Phyllis Chinlund’s life started unremarkably. She grew up in Pittsburgh PA, in a typical 1950s middle class lifestyle, which later she gently spoofed in Good Girl, her autobiographical film about adolescence. At Smith College, as the last echoes of the “silent generation” faded away, she conducted a research study about lifelong learning. Fifty-five years later it’s apparent that lifelong learning has remained the driving force in her life.
After college she married her high school sweetheart, and together they set out for new horizons. In Palo Alto CA, Phyllis joined the Stanford University graduate program in broadcasting and film. She had discovered the perfect career for someone who wants to keep learning. Moving to New York City after getting her Master of Arts, she directed or edited over 20 documentary films, and often said that each new project was like taking a college course. Subjects ranged from children in hospitals, to Pablo Picasso, to the National Audubon Society.
When her first marriage ended, Phyllis married another lifelong learner — photographer/filmmaker Ray Witlin. During 30 years together they challenged and supported each other to take new trails. With Ray’s help, Phyllis completed Good Girl, and, based on its merits, was awarded a Guggenheim Fellowship.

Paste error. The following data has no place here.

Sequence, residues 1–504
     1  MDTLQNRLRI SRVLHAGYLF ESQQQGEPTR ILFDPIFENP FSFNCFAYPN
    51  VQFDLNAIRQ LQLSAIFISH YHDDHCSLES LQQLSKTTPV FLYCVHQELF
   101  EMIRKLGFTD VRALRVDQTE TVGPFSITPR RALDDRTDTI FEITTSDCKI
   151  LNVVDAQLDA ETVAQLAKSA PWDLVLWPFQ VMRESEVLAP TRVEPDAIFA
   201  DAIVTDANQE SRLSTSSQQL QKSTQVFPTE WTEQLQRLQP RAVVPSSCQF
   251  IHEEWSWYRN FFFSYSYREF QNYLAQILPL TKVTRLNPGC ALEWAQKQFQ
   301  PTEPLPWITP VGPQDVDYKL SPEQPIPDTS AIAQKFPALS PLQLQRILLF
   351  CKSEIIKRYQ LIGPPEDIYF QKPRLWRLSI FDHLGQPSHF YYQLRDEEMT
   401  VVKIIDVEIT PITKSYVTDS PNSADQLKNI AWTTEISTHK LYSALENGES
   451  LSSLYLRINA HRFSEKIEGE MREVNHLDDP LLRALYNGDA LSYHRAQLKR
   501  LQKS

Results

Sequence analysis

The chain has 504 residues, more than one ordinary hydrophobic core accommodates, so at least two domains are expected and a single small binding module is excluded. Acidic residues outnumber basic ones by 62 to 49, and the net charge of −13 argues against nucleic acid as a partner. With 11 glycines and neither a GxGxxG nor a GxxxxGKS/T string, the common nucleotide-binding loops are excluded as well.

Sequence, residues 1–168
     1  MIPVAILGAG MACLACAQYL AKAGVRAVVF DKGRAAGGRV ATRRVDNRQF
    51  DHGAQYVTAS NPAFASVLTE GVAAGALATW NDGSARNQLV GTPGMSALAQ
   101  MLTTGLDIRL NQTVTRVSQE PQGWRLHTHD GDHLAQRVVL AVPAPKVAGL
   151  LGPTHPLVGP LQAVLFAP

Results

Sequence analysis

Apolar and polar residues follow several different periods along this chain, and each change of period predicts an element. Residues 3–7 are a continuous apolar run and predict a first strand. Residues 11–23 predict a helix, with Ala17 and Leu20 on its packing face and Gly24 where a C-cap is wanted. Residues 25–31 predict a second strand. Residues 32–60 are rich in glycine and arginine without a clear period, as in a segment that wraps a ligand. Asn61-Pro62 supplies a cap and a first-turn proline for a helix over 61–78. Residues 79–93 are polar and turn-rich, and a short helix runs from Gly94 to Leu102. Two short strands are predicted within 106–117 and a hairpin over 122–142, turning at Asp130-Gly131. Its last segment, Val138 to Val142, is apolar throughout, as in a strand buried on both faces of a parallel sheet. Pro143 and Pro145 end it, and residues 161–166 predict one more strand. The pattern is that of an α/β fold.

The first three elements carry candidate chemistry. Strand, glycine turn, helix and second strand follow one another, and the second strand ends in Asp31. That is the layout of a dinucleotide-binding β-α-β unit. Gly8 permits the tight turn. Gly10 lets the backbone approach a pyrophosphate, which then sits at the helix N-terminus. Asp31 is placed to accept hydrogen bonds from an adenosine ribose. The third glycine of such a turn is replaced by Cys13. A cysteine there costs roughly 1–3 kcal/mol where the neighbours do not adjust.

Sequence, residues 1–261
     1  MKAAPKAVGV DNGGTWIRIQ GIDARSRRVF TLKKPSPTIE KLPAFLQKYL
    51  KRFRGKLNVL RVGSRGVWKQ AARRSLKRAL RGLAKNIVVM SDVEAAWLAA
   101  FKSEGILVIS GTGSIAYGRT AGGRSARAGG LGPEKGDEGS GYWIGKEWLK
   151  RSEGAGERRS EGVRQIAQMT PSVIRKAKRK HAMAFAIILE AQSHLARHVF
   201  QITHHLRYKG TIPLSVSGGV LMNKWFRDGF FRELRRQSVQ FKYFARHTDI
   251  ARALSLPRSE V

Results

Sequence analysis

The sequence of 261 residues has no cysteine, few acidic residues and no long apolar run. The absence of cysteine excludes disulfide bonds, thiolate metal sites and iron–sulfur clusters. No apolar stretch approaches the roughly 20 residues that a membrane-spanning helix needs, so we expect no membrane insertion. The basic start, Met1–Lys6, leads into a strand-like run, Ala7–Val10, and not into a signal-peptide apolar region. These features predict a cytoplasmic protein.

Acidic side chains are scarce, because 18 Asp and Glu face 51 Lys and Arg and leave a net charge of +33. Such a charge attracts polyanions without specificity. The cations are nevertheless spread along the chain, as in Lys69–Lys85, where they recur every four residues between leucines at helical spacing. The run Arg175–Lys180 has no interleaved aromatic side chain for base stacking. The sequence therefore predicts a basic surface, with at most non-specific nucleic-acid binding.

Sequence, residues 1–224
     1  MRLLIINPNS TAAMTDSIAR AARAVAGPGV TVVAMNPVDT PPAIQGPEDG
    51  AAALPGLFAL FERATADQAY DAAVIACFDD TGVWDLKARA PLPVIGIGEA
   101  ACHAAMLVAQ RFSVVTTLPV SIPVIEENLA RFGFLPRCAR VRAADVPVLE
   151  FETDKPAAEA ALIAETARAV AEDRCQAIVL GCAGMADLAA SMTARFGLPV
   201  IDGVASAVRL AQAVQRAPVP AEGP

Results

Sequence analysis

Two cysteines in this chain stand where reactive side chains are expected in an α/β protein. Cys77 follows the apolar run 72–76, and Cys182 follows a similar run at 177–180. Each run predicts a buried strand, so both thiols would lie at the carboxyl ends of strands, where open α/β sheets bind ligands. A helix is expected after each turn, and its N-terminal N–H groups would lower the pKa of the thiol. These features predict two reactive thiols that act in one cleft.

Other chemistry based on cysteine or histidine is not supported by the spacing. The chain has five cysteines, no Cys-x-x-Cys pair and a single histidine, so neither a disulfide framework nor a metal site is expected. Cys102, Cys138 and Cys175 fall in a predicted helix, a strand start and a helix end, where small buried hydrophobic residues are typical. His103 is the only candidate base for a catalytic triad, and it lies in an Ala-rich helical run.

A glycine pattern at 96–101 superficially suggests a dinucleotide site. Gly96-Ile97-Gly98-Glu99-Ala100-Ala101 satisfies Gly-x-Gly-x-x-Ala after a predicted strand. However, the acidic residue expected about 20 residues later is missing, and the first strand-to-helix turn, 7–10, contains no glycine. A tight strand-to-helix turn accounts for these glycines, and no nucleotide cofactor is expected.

Her growing interest in mental health, combined with the shock waves from the loss in one year of both her grandmothers and her mother, inspired a career change. In 1989 she completed an MSW degree from the Hunter College School of Social Work, specializing in geriatric mental health. She went on to clinical work with older adults in a variety of settings in New York and later in Maine.
The next chapter of Phyllis’ life is recounted in her book, Looking Back from the Gate, the story of how she and Ray found themselves on the bumpy road of Alzheimer’s Disease without a map. They were making it up as they went along, while trying to keep Ray’s creative instincts from getting lost along the way.
After 25 years of learning from her clients, Phyllis has retired from agency work, but is still educating herself–about how recent advances in the treatment of dementia validate and clarify the trail she had taken with Ray; and about the potential of mindful aging and the wonder of seeing the world fresh every day. That lesson, Phyllis will tell you, she learned from Ray.
Ray Witlin had a long and varied career in the arts. Starting as a graphic artist, he went on to still photography. His photos appeared in Life Magazine and other publications. Documentary films included the prize-winning Legend of the Paramo, What’s Happening, and Light in the West. Returning to still photography, he traveled for the World Bank and the Ford Foundation, mounted a major exhibition at the UN, and authored a series of photo essays for Side Streets of the World.
Nearly 30 of Ray’s photos, both from his professional career and his late life work, appear in Looking Back from the Gate.. A few examples: